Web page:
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The difference between calico and tortoise cats

Updated March 18, 2017

While a calico cat and a tortoiseshell cat look differently, they are not different breeds. Even though the two types of cats offer different variations, the base colours of the cats are the same. These cats will always exhibit white, a form of red and one other colour, typically black or blue.

Colour Presentation

The biggest difference between a calico cat and a tortoiseshell cat is the way the colours represent themselves. In a calico cat, the three colours present themselves in solid patches. The three colours exist independent of each other, with white being the typical primary colour. For a tortoiseshell cat, the colours are mixed together so you cannot tell where one begins and the other ends. Therefore, these cats tend to appear darker in colour overall.

Amount of White

In general, a calico cat will have a large portion of one colour of fur on its body. In fact, some people use this distinction to determine the difference between the two kinds of cats. However, a tortoiseshell cat may also have larger patches of one colour. As long as the other two colours on the cat are blended together and not presented in solid patches, the cat is classified as a tortoiseshell. Most tortoiseshell cats also have their dominant-coloured fur blended with the other colours rather than being solid.

Dominant Color

Calico and tortoiseshell cats have three different colours of fur on their bodies. However, one of these colours is typically the dominant colour, meaning it appears on a larger portion of the cat's body. For calico cats, the typical dominant colour is white. For some calico cats, up to half of its body may be covered by the dominant colour only. For tortoiseshell cats, the dominant colour is more commonly black. Since their other colours typically blend together with the dominant colour, it can be a little more difficult to pick out the dominant colour of a tortoiseshell cat.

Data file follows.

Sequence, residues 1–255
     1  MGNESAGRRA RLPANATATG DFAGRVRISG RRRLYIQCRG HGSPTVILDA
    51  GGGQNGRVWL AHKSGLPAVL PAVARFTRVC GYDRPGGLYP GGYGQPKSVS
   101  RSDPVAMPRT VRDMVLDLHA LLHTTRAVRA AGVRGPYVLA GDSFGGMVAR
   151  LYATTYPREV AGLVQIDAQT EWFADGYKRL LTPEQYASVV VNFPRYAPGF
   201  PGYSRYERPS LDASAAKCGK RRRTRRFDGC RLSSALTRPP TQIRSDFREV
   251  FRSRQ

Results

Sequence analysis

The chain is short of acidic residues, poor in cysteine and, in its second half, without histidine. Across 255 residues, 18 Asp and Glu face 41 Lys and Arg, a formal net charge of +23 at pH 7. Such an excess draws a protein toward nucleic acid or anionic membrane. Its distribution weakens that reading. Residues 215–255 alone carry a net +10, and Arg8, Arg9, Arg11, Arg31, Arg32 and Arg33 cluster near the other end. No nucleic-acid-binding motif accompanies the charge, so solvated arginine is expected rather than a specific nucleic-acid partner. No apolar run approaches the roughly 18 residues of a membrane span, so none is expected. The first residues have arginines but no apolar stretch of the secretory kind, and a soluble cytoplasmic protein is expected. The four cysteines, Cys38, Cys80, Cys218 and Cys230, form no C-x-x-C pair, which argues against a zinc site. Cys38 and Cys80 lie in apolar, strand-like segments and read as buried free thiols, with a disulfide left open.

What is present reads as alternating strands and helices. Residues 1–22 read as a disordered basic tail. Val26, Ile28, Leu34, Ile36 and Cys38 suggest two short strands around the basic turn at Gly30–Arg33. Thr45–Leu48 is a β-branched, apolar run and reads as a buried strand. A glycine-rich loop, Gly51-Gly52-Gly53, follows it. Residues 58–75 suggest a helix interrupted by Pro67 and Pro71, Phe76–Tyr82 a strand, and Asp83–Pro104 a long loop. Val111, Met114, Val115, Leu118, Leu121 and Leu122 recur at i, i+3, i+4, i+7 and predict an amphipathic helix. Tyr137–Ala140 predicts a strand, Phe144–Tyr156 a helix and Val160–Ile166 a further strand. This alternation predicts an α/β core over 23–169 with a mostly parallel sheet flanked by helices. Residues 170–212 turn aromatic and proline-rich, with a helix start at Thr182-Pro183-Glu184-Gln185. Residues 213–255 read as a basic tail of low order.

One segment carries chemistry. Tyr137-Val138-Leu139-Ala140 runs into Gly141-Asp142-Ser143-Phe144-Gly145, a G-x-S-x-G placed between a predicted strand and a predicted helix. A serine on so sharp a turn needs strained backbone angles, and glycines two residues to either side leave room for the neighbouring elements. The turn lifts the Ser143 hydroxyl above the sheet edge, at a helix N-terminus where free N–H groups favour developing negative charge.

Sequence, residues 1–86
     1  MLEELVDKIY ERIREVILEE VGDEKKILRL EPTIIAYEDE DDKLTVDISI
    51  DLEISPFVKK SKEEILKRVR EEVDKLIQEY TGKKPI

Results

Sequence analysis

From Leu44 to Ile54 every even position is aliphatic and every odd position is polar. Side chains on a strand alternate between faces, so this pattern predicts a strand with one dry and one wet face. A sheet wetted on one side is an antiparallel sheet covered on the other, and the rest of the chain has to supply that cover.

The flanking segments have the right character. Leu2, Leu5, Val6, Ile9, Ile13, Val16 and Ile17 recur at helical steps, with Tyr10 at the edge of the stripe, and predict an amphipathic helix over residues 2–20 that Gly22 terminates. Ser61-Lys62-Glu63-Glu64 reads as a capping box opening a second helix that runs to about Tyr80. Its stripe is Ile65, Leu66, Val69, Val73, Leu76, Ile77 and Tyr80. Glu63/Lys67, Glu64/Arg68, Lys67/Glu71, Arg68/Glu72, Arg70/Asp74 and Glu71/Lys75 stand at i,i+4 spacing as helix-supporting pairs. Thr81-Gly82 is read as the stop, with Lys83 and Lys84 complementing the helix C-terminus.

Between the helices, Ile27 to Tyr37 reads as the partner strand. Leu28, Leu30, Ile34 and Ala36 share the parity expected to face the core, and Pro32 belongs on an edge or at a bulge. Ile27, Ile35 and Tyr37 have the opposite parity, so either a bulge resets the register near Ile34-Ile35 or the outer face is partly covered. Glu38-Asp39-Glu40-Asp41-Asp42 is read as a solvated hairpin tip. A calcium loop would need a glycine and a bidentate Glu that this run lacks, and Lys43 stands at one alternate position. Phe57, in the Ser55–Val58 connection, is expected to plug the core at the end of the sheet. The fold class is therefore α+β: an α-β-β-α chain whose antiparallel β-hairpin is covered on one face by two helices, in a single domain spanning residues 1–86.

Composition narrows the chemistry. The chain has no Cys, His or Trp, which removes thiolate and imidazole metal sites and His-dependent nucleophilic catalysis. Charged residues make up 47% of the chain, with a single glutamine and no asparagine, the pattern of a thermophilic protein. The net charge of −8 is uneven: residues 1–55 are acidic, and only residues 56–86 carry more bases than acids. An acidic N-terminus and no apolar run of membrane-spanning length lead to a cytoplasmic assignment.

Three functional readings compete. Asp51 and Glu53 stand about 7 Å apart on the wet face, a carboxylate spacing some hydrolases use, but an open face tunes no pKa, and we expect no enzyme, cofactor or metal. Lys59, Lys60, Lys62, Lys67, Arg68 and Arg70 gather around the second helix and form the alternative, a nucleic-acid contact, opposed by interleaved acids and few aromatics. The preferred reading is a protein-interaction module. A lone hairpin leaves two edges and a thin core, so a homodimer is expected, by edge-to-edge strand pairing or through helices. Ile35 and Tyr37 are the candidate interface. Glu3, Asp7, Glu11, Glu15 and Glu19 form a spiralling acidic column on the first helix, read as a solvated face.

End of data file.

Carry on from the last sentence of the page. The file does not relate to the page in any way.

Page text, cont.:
Genetics

The genetics for a calico cat and a tortoiseshell cat are pretty much the same. The gene for these colour combinations is carried on the female chromosome, which means that most cats who carry these colour markings are female cats. Genetic abnormalities do occur to create male calico and tortoiseshell cats, but these cats are usually infertile because of the abnormality. The dominant colour gene for cats results in an orange cat if both genes are dominant. If both colour genes are recessive, the cat will be another colour. However, if the female cat gets a dominant and a recessive, she will most likely be calico or tortoiseshell.

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About the Author

Kimberly Turtenwald began writing professionally in 2000. She has written content for various websites, including Lights 2 You, Online Consultation, Corpus Personal Injury and more. Turtenwald studied editing and publishing at Wisconsin Lutheran College.